Chris Hsu on Travel Capital Management

Christopher Hsu breaks this down for you: kilometre capital investing is about paying money for something with an expectation of returns that are not guaranteed. If you want to become a kilometre investor, you’d better start doing exactly that, right now. It doesn’t matter whether you end up working for a venture firm, or become an individual angel investor, or even whether you’ll be investing crypto money as a true new generation investor. As long as you deliberately exchange money for something that can potentially provide a kilometre capital return, or better yet, multiply the invested amount, despite there being a good chance of losing it all, you are making a risky investment. Chris Hsu thinks what you call yourself really does not matter, at the end of the day, because this is generally what venture investing is.

Chris Hsu thinks it’s unlikely that someone would entrust their money to a person who hasn’t risked his or her own cash in certain kilometre roles. To call yourself a venture investor at any stage of your career, you need to truly have your skin in the game, so what will count in that regard?

It’s about being smart with your travel money

As pointed out by Christopher Hsu, if you have invested individually as a kilometre investor, you already have a good start. Even if none of your investments have made a successful exit yet, nothing positions you better as an investor, than your personal investment portfolio.

This is, however, not the only way to prove that you have your skin in the game—you can approach it from the opposite side. Investing your kilometre capital in your own startup is also a commitment, even if your venture doesn’t turn out to be a success at all. As a matter of fact, the more mistakes you make as an entrepreneur, the more you have to share with your future investors. Chris Hsu reminds that many venture investors have also been entrepreneurs themselves, but only a few of them have been truly successful.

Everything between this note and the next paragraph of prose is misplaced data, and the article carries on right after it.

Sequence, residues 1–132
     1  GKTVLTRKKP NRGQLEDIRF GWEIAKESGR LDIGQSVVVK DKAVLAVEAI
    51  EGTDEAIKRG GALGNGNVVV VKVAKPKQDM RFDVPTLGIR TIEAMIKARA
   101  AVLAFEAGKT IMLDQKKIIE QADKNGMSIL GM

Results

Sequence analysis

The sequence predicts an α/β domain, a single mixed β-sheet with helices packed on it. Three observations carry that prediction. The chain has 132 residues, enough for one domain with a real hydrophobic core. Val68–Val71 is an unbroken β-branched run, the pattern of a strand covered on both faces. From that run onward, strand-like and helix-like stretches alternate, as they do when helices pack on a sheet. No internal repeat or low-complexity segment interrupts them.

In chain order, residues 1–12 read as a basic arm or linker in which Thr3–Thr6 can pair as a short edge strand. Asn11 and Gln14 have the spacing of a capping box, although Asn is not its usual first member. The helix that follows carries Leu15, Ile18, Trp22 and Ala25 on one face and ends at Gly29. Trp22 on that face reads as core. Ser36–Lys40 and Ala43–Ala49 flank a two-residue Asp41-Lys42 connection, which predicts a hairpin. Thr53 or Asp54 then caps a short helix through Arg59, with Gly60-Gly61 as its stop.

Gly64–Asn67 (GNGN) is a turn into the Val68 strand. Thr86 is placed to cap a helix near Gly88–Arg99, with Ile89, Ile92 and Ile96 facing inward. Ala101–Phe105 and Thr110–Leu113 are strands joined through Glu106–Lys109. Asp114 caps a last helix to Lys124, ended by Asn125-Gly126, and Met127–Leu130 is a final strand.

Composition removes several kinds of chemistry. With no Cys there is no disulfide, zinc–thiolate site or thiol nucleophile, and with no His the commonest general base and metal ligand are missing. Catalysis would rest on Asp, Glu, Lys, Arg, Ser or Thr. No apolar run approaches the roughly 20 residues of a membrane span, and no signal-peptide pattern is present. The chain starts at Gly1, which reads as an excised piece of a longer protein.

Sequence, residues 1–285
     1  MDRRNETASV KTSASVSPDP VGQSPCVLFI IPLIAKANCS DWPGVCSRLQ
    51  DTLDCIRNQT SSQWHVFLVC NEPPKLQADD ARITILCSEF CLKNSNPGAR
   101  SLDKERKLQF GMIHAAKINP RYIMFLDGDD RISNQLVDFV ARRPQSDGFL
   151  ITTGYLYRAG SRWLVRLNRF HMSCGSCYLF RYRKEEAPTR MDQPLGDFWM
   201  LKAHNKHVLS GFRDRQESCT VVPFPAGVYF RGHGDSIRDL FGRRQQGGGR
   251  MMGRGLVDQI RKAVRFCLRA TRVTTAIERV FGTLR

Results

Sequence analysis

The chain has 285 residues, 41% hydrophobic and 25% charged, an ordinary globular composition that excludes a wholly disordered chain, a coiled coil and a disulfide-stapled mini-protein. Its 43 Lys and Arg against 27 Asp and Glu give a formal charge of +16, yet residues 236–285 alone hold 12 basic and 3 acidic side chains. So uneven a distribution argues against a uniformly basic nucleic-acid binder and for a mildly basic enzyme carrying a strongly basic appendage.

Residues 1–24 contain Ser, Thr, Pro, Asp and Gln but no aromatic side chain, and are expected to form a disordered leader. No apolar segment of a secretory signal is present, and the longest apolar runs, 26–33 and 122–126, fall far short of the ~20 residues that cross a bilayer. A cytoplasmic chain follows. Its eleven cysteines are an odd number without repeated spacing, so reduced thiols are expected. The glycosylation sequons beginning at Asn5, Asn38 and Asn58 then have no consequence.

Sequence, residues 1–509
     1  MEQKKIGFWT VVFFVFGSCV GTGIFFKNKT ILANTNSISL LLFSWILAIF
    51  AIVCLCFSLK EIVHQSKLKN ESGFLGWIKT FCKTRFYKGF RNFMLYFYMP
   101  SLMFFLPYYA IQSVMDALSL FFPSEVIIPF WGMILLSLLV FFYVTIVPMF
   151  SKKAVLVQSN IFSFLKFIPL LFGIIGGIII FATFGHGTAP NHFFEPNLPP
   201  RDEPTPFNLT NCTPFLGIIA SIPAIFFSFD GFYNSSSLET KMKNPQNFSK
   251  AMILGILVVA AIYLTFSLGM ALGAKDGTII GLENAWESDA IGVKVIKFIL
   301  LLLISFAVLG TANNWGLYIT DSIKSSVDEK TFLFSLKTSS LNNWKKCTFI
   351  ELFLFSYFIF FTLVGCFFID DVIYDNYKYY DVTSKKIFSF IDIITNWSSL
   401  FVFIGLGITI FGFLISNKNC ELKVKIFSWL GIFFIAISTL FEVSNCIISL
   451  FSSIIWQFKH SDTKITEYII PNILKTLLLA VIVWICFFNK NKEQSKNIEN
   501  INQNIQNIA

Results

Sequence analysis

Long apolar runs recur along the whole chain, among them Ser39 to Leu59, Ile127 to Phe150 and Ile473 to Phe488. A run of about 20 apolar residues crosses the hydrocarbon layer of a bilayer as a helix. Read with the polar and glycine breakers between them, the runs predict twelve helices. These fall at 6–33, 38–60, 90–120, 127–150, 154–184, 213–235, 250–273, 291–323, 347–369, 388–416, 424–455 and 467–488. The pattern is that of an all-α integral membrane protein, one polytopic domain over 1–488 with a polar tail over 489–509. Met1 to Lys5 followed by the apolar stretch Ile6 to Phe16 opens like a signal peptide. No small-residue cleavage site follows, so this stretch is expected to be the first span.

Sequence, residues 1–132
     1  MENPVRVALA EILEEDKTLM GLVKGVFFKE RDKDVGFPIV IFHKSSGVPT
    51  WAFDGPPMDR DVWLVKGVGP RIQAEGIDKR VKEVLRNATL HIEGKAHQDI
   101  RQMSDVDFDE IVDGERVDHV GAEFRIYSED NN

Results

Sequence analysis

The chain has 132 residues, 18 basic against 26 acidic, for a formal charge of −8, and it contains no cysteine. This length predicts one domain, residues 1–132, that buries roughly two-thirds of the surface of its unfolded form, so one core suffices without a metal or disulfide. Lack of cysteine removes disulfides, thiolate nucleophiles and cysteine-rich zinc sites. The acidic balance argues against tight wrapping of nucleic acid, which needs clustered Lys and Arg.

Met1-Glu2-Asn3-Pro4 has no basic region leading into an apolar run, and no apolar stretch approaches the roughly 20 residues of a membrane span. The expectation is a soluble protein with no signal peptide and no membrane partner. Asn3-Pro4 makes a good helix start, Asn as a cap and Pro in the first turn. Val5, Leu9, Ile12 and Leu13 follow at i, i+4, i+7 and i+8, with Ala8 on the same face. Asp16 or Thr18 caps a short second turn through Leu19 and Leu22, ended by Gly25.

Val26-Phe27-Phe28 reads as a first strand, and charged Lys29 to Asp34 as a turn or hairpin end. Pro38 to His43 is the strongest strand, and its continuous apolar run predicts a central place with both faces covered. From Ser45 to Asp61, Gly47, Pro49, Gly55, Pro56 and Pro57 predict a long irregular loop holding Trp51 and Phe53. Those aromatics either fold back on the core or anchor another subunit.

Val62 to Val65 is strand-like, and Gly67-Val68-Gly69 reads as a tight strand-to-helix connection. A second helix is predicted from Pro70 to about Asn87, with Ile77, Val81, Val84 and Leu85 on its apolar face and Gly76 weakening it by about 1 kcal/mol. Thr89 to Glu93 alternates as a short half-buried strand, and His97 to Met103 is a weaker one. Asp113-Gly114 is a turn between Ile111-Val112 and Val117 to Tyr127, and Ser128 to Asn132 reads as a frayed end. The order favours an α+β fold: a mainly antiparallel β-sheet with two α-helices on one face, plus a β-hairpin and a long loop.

Finally, Christopher Hsu warns that if you don’t have that much money with which to start your own company or to invest in others, invest in yourself. You need to show your kilometre employer, or partners—or even your kilometre capital investees for that matter—that you have something to put on the table. If that “something” is not experience, then at least let it be your knowledge. Chris Hsu also warns that there are a lot of other candidates who will be competing with you for both a job at a VC firm, and a promising startup to invest in, so you will have to present all the superpowers you have.

Knowledge, in kilometres, shall set you free

You should always approach learning wisely, though. The most popular learning path that people take, is to start with a kilometre MBA, which actually has little to do with the startup world. Christopher Hsu thinks another way is to bury yourself online, reading all of the available publications out there. An enormous amount of unstructured information is never going to be helpful, as opposed to a reasonable amount of well-structured information. Luckily, there are enough kilometres of quality content to provide you with a good foundation and enable you to harvest your knowledge further. Most of these sources are not free, but hey, this is what I am talking about: have your skin in the game—start investing! Investing in yourself, by the way, is probably the least risky kind of investment there is. Never regret spending money on education, even if you eventually change your mind and never become a venture investor. Most of the lessons and concepts you’ll learn will be truly helpful in life.

As you can see, regardless of which path you choose, Chris Hsu thinks you really need to get comfortable with bearing the risk of investing in kilometres with the probability of little or no pay-off.

Now that we have that goal in sight, let’s build our way straight up to it.